By https://andrewlseidel.com/wp-content/uploads/2020/11/Screen-Shot-2019-10-24-at-1.08.17-PM-3-1.png L. Seidel
Freedom From Religion Foundation
(FFRF is nonpartisan and does not endorse or oppose any candidate for office.)
Our nation was one of the first to abolish religious tests for public office. Our founders “were fully sensible of the dangers” of religious tests, “marked out in the history of other ages and countries,” according to Supreme Court Justice Joseph Story, who wrote the first legal commentaries on our Constitution.
Today, too many Americans are insensible to the dangers of mixing politics and religion. Many voters impose their own auto-de-fé, requiring a profession of faith from a candidate before choosing who to vote for. This doesn’t violate the Constitution’s ban on religious tests and there’s nothing illegal about making religion the sole criteria for choosing a candidate, but it’s still a really bad idea.
President Kennedy wasthing the 4th America’s Cup, off Newport, RI, aboard the USS Joseph P. Kennedy Jr. National Archives and Records Admin photo by Robert Knudsen. Meme by https://andrewlseidel.com/wp-content/uploads/2020/11/Screen-Shot-2019-10-24-at-1.08.17-PM-3-1.png L. Seidel.
First, to borrow from The West Wing, “If you demand expressions of religious faith from politicians, you are just begging to be lied to.” Politicians are not known for their authenticity. If a politician can win your vote simply by claiming that they are part of the religious majority, what do you imagine they will do?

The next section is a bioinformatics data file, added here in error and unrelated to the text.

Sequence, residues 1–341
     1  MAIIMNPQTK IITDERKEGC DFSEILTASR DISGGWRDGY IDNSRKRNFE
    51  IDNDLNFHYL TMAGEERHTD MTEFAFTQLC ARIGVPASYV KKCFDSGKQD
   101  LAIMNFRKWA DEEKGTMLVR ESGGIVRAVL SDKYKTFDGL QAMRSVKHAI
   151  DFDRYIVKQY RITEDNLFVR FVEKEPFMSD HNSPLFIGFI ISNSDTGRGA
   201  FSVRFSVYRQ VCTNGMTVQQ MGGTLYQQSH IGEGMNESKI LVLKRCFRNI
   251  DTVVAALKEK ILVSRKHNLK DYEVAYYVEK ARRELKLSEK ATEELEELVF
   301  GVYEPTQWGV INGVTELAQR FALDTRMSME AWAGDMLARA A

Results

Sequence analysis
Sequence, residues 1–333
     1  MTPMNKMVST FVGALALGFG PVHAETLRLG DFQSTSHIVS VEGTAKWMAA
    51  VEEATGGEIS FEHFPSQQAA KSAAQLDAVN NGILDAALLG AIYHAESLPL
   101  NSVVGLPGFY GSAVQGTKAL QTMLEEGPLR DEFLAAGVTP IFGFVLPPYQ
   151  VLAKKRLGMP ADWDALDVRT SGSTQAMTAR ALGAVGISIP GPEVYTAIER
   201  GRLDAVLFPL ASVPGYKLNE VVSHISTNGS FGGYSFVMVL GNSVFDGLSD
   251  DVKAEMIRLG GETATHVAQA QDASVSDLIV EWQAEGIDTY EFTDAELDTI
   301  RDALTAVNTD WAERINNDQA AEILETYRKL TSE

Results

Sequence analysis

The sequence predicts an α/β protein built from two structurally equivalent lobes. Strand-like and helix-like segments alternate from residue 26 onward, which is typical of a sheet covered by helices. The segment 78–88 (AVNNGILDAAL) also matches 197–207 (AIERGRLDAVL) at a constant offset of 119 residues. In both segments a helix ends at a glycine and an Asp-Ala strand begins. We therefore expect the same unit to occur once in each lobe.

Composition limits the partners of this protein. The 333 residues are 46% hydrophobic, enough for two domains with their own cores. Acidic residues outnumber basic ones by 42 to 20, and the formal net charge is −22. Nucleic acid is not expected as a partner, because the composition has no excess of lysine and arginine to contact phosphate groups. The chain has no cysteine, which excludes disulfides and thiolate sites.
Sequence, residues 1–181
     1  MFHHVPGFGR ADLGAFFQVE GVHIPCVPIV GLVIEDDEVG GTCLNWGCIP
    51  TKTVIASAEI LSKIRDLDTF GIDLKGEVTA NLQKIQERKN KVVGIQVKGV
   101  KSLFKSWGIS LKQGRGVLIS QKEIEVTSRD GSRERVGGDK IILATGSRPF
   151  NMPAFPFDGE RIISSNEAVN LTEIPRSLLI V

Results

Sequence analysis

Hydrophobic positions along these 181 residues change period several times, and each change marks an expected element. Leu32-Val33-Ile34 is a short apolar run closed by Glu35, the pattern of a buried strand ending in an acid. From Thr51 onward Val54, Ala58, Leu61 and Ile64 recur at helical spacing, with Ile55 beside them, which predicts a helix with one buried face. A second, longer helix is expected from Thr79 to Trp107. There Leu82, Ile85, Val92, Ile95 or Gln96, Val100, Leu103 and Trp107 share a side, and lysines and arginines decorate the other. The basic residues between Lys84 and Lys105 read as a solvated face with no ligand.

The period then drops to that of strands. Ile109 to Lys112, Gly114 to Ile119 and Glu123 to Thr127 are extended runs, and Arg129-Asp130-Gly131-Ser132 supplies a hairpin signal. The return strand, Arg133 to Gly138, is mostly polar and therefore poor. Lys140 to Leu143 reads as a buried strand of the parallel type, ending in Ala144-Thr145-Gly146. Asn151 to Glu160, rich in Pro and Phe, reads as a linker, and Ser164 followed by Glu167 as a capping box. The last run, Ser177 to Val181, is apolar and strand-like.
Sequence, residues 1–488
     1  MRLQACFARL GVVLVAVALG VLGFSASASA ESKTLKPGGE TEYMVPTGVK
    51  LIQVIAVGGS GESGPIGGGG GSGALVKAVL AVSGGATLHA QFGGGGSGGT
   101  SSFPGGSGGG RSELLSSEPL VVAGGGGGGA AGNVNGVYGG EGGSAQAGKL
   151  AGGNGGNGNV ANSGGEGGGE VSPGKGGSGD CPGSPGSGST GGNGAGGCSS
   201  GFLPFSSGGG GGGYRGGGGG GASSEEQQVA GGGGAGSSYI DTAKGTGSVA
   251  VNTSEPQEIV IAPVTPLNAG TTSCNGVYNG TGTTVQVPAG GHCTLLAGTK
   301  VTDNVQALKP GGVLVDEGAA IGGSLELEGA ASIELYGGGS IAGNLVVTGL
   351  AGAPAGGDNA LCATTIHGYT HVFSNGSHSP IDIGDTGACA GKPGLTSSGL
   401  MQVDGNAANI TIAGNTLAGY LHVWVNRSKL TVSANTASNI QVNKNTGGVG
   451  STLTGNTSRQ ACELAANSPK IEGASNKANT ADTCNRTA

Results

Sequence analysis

Second, you are being lied to. Trump isn’t exactly familiar with the bible and Clinton, “at the risk of appearing predictable,” named the bible as “the biggest influence on [her] thinking” when asked. This response is predictable because it’s expected. Politicians are giving the answer, true or not, they think voters want. Both candidates are a far cry from Thomas Jefferson, who took a razor to the bible and excised everything supernatural, including the virgin birth and the resurrection.
Anecdotal evidence aside, statistics suggest that politicians are lying about their religion. The most recent numbers show that 23 percent of Americans are “nones”—unaffiliated with any religion. Over 7 percent are atheists or agnostics. If those percentages held in U.S. Congress, 123 of its 535 members would be unaffiliated and 37 of those would be atheist or agnostic. Yet, only one member of Congress (Arizona Rep. Krysten Sinema) is unaffiliated. Our representative government is not very representative.
On the left, only one member of Congress identifies as nonreligious. On the right, what a Congress that faithfully represented the nonreligious would look like. Graphic by https://andrewlseidel.com/wp-content/uploads/2020/11/Screen-Shot-2019-10-24-at-1.08.17-PM-3-1.png L. Seidel/FFRF.
Third, if you truly revere your faith, you shouldn’t want it sullied in the mud pit of politics. James Madison, the Father of our Constitution, famously observed that “religion and government will both exist in greater purity, the less they are mixed together.” In demanding professions of faith, believers are denigrating their religion.